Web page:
Posts Tagged ‘geoff hargadon’

You may recall a past post about the Greenway mural by Os Gemeos, Brazilian twins who had a show at the Institute of Contemporary Art and painted street art around Boston when they were here. I posted pictures of their work-in-progress for the Greenway, here.

Geoff Hargadon photographed the finished work for the Boston Globe, below.

That giant mural is gone now, and Matthew Ritchie is working on the next one. I took a picture of it today and plan to take more for the blog as Ritchie wraps up.

Geoff Edgers at the Globe gives some background on this new piece. “The Institute of Contemporary Art has commissioned British-born Matthew Ritchie, known for using scientific principles to inspire his work, to take over the enormous outdoor canvas.

“Ritchie’s 5,000-square-foot seascape will be installed the week of Sept. 16 and remain up for as long as 18 months.

“The collaboration … is part of a residency for Ritchie that will include a multimedia performance with members of the rock bands The Breeders and The National, concerts at the museum and elsewhere, and a video project to be produced with the ICA’s teen program. But the biggest splash for the public will come on the exterior of the Big Dig ventilation building in Dewey Square.”

Read more at the Globe, here, and at the Greenway site, here.

Photo: Suzanne’s Mom


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I am psyched. I blogged a while back about UBS banker Geoff Hargadon, who is also a conceptual artist with a crazy sense of humor.

After Brandeis University’s then president made noises about selling the art collection of the Rose Museum, Hargadon put a sign outside on the grass: “Cash For Your Warhol.” It looked like the signs on telephones poles or in abandoned lots that lure the unwary into deals too good to be true.

Hargadon has put his signs up hither and yon, like the street artist Banksy in a way, or Shepard Fairey.

Yesterday I noticed one in the Boston financial district as I waited for the light to change. It’s at the corner of Congress and Franklin streets. I came back today and took a picture. Anyone want to call the number?


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You knew that the poet Wallace Stevens was a lawyer for the Hartford Insurance Company in Connecticut, right?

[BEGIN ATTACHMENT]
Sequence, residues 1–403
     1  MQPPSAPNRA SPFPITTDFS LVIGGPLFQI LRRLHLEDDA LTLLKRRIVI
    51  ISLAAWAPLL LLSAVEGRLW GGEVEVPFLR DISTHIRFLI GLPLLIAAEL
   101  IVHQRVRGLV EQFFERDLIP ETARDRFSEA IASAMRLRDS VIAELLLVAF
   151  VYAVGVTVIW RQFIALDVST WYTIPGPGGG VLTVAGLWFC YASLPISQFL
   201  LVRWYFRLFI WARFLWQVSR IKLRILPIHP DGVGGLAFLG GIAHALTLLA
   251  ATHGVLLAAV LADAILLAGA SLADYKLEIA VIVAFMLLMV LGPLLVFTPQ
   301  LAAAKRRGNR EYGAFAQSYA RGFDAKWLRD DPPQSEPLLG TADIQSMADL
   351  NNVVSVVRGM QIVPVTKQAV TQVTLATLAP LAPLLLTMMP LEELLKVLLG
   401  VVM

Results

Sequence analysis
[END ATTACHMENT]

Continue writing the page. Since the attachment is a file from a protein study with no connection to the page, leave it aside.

It’s fascinating, the double lives many creative people live. In this post, for example, I mentioned Kyan Bishop, a colleague with a pretty businesslike job, who turns out to be an accomplished conceptual artist.

Today I have two gentlemen from the financial-services industry, which whatever else one might say about it, pays enough for a guy to indulge an artistic bent.

Consider first Geoff Hargadon, now showing at the Kayafas Gallery in Boston.

Art critic Cate McQuaid writes in the Boston Globe, “Bring up conceptual art, and some people’s eyes glaze over. So before we dive into the conceptual underpinnings of the work of … Geoff Hargadon now up at Gallery Kayafas, let’s say this: It’s funny, wry, and self-mocking — accessible on many levels.

“Hargadon’s ‘Dealers Protected!’ features signs that he has put up, first around Boston and then during the Frieze Art Fair in London in October, and during Art Basel Miami Beach earlier this month. Perhaps you have seen them. They read ‘Cash for Your Warhol.’ This show features the signs themselves, and photos of them in situ.

“The artist, who is an unlikely hybrid of street artist and senior vice president at the financial services company UBS, was inspired by the ‘cash for your house’ signs he saw on telephone poles during the worst of the economic collapse. He hilariously posted his first ‘Cash for Your Warhol’ sign outside the Rose Art Museum at Brandeis in 2009, after the museum announced controversial — and later canceled — plans to close and sell off its collection.” Read more here.

Second is the late Warren Hellman, Wall Street financier and devoted banjo player. “After nearly 20 years at Lehman in New York, he started several money management businesses, including Hellman & Friedman in San Francisco, one of the country’s most successful private equity funds. More recently Mr. Hellman focused on philanthropy, bestowing millions of dollars on cultural, educational and medical charities in the Bay Area. The three-day concert he founded, Hardly Strictly Bluegrass, held each year in Golden Gate Park, has been financed entirely by him.” Read about Hellman in the NY Times obit.

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